78 | BoatU.S. Magazine APRIL | MAY 2014
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CHIRP Though the term CHIRP has become
an accepted acronym, it’s somewhat deceiving to use when talking about fishfinders; it
stands for “Compressed High Intensity Radar
Pulse” and we aren’t talking about radar.
But there are similarities in the technology.
In both cases, the waves they send radiate through different frequencies, instead of
remaining at one or two frequencies. Think
back to that placid pond for a moment. This
time, you’re going to line up a number of
rocks by size. The first is your pebble, the last
is your boulder, and there’s a whole bunch
in between. With super-human speed you’ll
toss them in one at a time, in order. That’s
a CHIRP – the pings go out through a series
of frequencies in quick succession, to utilize
low frequency, high frequency, and everything in between.
PROS: CHIRP (also called Spread Spectrum,
ClearPulse, and TruEcho by different manufacturers) offers incredible detail at astonishing depths. Bottom readings can be had in
water that’s measured in miles instead of
feet. It’s also excellent at marking and differentiating structure and fish. If you’re a die-
CHIRP sonar sends out a series of pings
at different frequencies, which gives you
the best of both worlds, high resolution,
and great range, all in one unit.
hard blue-water angler who regularly patrols
beyond the edge of the continental shelf,
there is no substitute.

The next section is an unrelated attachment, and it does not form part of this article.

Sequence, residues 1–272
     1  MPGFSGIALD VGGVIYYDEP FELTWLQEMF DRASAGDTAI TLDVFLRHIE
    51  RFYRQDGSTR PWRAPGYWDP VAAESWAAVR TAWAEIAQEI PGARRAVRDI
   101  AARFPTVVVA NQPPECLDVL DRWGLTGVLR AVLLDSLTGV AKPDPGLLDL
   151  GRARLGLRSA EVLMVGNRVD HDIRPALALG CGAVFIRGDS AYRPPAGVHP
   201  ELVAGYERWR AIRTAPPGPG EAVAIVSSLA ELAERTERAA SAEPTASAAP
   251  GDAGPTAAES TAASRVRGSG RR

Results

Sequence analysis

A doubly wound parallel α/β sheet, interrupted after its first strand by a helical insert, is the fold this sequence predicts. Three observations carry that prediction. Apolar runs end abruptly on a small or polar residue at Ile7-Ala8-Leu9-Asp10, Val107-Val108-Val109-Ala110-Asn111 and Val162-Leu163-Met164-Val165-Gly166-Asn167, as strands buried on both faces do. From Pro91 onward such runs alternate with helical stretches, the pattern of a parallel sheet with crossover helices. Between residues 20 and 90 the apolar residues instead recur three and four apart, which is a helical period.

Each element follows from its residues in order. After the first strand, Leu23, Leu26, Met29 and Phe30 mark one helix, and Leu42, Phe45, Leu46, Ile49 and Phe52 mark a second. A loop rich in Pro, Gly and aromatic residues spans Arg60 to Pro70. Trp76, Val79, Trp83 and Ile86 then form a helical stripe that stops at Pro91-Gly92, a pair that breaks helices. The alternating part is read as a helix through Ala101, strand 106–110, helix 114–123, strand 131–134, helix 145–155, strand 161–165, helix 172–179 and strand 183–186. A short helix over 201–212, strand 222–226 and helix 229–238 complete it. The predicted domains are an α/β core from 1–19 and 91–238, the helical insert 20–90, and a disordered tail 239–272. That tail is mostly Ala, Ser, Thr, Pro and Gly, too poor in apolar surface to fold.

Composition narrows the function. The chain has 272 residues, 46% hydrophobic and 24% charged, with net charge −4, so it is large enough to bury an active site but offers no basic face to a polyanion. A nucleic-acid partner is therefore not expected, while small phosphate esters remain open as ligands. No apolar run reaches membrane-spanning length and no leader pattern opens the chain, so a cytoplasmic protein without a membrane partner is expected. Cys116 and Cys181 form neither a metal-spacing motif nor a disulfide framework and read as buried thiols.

TRADITIONAL CONS: This technology is among the most
expensive. If you already have a high-end elec-
tronics suite, you may be able to add a black
box, but even then, you’ll have to upgrade to a
CHIRP-capable transducer, which is both large
and expensive. In most cases it’ll cost several
thousand dollars, and starting from scratch,
full-blown high-end CHIRP systems can easily
go beyond the $10,000 mark.
FUTURE TECH In the past two years, we’ve
seen the introduction of mini-CHIRPs that
offer limited multi-frequency pings combined
with high-frequency adaptation (Raymarine’s
Dragonfly), side-finders that allow the transducer to be rotated for multi-angle views (the
Lowrance SpotlightScan), and units coupled
with adjustable transducers that can look 360
degrees around the boat (Humminbird 360).
And we’ve seen the prices of these technologies
fall dramatically as well. No matter what the
future holds, right now it’s a good time to be a
fisherman and a bad time to be a fish.
Lenny Rudow is BoatU.S. Magazine’s electronics
editor and Boats.com senior editor. He has won
31 Boating Writers International awards.